Another factor job seekers are increasingly interested in is how an employer treats its staff in times of crises. Did the organization operate in survival/maintenance mode or increase its attention to the needs of its workforce? The pandemic bore out of a lot of employers their commitment to their employees. Now, as the pandemic may be waning, people are seeking out employers who are committed to treating their employees well during crises versus employers who use it as an opportunity to cut costs. 

Little Changes Create Large Impact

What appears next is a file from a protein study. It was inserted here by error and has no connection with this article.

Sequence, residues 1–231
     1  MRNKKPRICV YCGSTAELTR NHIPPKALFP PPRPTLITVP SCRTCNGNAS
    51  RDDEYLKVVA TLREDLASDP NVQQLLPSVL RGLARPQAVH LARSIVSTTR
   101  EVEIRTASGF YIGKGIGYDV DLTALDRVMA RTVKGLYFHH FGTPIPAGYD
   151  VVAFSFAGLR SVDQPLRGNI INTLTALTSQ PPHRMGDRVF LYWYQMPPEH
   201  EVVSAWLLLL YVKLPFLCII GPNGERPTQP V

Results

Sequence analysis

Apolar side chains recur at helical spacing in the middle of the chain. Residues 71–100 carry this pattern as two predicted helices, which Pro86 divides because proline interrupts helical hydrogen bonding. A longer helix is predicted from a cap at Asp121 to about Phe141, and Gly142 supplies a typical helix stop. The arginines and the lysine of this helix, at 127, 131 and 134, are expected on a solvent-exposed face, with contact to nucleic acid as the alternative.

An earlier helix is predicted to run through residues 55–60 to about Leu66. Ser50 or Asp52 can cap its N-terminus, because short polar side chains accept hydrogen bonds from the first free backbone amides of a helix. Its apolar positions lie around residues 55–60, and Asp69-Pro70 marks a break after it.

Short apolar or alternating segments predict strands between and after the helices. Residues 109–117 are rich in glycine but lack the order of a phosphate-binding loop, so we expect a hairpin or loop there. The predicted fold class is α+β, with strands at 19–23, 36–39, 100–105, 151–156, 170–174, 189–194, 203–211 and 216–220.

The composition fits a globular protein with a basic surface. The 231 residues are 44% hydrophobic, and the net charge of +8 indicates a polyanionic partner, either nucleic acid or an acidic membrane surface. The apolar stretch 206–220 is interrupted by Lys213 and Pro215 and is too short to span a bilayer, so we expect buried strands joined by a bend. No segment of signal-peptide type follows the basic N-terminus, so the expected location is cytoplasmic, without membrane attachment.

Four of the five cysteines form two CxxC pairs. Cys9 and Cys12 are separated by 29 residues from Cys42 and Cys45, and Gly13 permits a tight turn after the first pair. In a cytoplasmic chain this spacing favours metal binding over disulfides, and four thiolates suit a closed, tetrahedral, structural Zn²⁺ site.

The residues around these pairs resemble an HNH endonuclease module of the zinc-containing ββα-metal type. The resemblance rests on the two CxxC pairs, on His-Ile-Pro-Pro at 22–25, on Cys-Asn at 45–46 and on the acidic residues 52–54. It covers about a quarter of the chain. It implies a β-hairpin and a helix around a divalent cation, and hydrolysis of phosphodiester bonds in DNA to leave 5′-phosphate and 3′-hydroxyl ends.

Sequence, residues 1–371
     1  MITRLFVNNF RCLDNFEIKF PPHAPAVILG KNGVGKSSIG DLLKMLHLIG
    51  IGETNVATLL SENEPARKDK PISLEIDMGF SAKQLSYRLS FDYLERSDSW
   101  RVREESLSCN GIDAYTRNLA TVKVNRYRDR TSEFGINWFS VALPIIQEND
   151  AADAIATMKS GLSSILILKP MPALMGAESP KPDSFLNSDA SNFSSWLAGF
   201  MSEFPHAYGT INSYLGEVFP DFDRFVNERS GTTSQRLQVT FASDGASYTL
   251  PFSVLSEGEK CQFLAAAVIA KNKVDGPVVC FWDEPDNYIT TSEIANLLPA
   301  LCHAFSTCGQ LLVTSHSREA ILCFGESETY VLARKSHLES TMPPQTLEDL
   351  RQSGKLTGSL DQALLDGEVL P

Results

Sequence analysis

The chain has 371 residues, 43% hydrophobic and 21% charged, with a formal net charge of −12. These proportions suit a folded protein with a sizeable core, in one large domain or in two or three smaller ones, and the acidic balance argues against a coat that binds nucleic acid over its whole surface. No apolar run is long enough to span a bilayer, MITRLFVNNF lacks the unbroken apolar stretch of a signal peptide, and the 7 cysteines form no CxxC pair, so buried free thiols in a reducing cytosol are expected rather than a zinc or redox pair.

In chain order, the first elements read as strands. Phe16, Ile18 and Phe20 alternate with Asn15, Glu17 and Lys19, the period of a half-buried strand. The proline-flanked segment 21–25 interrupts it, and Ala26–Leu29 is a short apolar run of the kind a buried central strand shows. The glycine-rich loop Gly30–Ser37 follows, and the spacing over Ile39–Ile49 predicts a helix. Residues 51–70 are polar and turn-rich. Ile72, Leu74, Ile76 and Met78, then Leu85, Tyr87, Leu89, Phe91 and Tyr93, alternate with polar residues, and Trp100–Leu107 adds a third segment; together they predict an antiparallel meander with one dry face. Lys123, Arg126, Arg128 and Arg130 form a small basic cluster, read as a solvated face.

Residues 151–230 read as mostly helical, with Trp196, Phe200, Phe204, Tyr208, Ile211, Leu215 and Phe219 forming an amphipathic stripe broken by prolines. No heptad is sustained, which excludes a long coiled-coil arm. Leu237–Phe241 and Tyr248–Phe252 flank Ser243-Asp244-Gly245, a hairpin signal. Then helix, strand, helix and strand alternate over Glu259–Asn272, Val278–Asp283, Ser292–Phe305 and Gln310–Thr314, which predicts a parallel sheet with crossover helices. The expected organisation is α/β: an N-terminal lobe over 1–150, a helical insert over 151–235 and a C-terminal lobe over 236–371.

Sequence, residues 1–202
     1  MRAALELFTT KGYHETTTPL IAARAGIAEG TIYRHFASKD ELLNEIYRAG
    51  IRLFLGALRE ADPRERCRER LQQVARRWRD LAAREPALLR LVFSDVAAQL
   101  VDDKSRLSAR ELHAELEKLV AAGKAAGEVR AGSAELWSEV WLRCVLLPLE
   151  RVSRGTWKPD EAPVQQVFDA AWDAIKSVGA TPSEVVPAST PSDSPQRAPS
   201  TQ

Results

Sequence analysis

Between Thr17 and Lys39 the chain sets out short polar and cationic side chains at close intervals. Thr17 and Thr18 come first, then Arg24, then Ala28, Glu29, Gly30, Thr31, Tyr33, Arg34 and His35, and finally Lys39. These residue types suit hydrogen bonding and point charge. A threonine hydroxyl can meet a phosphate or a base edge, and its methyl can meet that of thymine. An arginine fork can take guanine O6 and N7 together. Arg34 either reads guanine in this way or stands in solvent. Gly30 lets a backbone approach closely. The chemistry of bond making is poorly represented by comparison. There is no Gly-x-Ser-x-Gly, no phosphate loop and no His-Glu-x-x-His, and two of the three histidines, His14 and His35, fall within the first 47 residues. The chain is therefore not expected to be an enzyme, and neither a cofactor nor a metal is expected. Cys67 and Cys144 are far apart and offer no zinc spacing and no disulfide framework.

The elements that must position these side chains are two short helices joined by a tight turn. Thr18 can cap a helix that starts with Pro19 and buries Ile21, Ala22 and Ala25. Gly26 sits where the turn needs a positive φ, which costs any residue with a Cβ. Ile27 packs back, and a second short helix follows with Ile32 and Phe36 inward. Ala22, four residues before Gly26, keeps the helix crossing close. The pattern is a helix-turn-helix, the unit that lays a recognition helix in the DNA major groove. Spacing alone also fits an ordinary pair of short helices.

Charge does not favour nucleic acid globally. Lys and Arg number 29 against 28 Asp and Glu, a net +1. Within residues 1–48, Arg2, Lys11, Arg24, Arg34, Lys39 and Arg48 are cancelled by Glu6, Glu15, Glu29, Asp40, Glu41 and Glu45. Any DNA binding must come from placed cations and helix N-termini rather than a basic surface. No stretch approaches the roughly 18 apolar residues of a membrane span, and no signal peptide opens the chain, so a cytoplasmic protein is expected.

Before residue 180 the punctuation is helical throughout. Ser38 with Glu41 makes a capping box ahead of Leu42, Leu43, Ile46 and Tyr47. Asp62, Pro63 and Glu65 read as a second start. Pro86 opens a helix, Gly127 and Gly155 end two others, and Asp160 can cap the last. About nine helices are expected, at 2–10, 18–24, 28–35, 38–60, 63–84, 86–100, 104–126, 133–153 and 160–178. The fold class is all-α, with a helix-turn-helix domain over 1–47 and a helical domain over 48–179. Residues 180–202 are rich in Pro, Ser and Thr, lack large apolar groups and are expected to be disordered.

Addressing the needs of your employees doesn’t necessarily involve a heavy lift. Often, there are small everyday things that can be modified to make employees’ lives easier and increase their quality of work. For example, a workforce that is provided with adequate technology resources, up-to-date software and IT support in their virtual work-from-home environment can allow for staff to do their jobs to the best of their ability. These changes can be facilitated by ongoing support conversations to ask employees what they need. Even if their requests are unable to be immediately delivered on, a simple acknowledgement of those needs and statement of how they will be addressed can further ensure staff feel invested in and that their concerns are being heard and responded to. 

Let the Data Drive You